Apollo 9 launched March 3, 1969, with a crucial mission: to fly the lunar module for the first time. The spacecraft had been tested successfully during the unmanned Apollo 5 mission. This would be the first time a crew would be aboard the spacecraft.
The crew spent 10 days in low Earth orbit testing the lunar module's engines, navigation systems and docking maneuvers, as well as backpack life support systems. And while the module performed well, the crew had to scrap a spacewalk after one of the astronauts fell ill during the flight.
Commander Jim McDivitt began his flying career in the Air Force both in combat and as a test pilot, and joined NASA for the Gemini program. He was aboard Gemini 4 during Ed White's famous spacewalk – the first of the U.S. program – and took pictures that still are widely circulated today.
Dave Scott, also an Air Force pilot and Apollo 9's command module pilot, had one mission of spaceflight experience under his belt. He was co-pilot on the Gemini 8 mission, which experienced a malfunction when the thruster stuck open and began spinning the spacecraft so quickly that the astronauts feared losing consciousness. Scott's commander, Neil Armstrong, stabilized the ship and the two had an early, but safe landing. Scott later commanded the Apollo 15 mission.
Fellow Air Force flier Russell Schweickart also had a strong theoretical background: he graduated from the Massachusetts Institute of Technology with experience in upper atmosphere physics and tracking stars. Apollo 9 would be his only flight in space.
Flying in Earth orbit
After the triumph of Apollo 8 orbiting the moon, Apollo 9's mission was no less ambitious. Perhaps it did not have the glamour of circling another world, but it was an important step to getting to the moon.
Future crews had to be comfortable with docking and undocking the spacecraft to link up with the orbiting command module and head back home.
Although the astronauts were serious about their work, they had a note of whimsy when naming the spacecraft: the command module was called Gumdrop, and the lunar module Spider, because that's what the modules resembled.
The first few days went relatively smoothly. The astronauts docked the two spacecraft successfully on the first day. Gumdrop fired its engines several times with Spider attached, proving it could handle the mass of the lunar module when doing orbital maneuvers.
On Flight Day 4, NASA wanted to test an astronaut's ability to climb from one spacecraft to the other if for some reason, the lunar module and command module refused to dock with each other in lunar orbit. In that case, a spacewalk to the command module would be the crew's only ticket home.
Unfortunately for the crew's plans, Schweickart had been nauseous since almost the beginning of the mission. According to flight director Chris Kraft, McDivitt waited until almost the last minute to inform Mission Control about the situation.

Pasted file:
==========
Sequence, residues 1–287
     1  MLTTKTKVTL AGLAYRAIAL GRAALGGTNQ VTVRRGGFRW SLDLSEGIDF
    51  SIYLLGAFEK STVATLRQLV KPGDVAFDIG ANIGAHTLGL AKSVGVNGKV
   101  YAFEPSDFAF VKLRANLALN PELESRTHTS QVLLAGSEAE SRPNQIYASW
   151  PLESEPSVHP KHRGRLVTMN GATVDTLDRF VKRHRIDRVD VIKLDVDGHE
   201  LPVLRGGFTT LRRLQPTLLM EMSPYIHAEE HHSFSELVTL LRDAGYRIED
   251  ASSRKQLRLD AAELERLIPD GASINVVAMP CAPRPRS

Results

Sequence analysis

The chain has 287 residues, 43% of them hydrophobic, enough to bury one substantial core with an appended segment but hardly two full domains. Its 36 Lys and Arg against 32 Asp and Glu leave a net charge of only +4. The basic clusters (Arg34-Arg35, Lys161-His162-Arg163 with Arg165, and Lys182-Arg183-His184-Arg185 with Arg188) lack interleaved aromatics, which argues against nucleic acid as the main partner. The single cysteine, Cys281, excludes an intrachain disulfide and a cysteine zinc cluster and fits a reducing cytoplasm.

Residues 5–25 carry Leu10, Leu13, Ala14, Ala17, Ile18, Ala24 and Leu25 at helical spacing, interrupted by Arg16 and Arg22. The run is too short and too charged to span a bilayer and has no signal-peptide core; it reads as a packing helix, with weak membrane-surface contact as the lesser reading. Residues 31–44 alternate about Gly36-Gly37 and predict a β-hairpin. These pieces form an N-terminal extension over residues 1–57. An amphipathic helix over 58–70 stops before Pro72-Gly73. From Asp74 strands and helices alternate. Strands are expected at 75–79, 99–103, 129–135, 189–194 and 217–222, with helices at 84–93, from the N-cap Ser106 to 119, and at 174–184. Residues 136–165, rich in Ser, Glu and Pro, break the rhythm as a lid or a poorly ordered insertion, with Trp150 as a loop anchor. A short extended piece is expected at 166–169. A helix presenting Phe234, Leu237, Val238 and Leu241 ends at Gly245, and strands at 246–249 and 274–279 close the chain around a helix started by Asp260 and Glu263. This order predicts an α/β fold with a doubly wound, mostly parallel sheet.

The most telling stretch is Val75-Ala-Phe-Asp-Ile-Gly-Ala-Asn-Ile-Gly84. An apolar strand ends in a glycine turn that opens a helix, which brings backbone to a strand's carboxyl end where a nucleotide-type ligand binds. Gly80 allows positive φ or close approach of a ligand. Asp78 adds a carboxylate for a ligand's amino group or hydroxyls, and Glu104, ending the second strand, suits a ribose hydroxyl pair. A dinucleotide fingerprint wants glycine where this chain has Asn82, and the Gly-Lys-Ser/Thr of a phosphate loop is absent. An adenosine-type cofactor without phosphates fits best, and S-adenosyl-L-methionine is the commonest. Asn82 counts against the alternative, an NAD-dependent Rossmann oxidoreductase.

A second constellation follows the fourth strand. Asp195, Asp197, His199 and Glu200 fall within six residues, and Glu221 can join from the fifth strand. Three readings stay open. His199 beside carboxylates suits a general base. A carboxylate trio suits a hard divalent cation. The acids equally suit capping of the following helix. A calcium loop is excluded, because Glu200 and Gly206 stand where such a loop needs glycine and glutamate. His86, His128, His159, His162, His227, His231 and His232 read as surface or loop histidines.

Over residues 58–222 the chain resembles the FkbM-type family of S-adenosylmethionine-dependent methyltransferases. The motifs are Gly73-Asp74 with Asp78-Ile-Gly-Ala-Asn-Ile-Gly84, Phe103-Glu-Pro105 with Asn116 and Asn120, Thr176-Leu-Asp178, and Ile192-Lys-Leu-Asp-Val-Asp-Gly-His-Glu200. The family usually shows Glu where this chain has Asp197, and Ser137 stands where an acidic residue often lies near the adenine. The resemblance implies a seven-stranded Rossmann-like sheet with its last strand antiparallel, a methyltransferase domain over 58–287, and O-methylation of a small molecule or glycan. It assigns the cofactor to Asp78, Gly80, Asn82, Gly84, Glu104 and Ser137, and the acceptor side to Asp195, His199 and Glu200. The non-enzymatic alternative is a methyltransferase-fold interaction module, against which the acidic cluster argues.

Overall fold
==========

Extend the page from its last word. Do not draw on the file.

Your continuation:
"If he reported on Schweickart a few days earlier, the flight surgeons would probably have prescribed medications that could have eliminated his symptoms," Kraft recalled in his autobiography, "Flight: My Life in Mission Control."
Adapting on the fly
That said, a space mission is often about adapting plans as you go, and the crew pressed on. McDivitt and Schweickart performed their assigned tests of Spider's engine, showing that it could easily maneuver the spacecraft.
Then came the spacewalk. Schweickart carefully suited up and climbed out on the front "porch" of Spider to pick up some science samples on the outside. He was then supposed to clamber over to Gumdrop. However, Schweickart began to tire and McDivitt decided to cancel that climb. Mission Control agreed with the decision and called it a day.
Flight Day 5 brought the hardest and most exciting part of the mission: undocking the two spacecraft and flying the lunar module by itself. McDivitt and Schweickart flew Spider more than 100 miles away. Scott, remaining in Gumdrop, watched in wonder as Spider got smaller and smaller, appearing like a bright star in the distance, and then disappeared.
Spider's crew then turned on their "ascent" stage to simulate rising again from the moon, while men in Mission Control waited anxiously to see if it worked. The engine fired flawlessly and Spider eventually docked with Gumdrop safely.
The crew remained in orbit until March 13, and splashed down about three miles from their recovery ship in the Atlantic Ocean. Apollo 9's tests of Spider proved the lunar module could work in space. With that established, now NASA could turn to the tricky problem of testing it near the surface of the moon.
— Elizabeth Howell, SPACE.com Contributor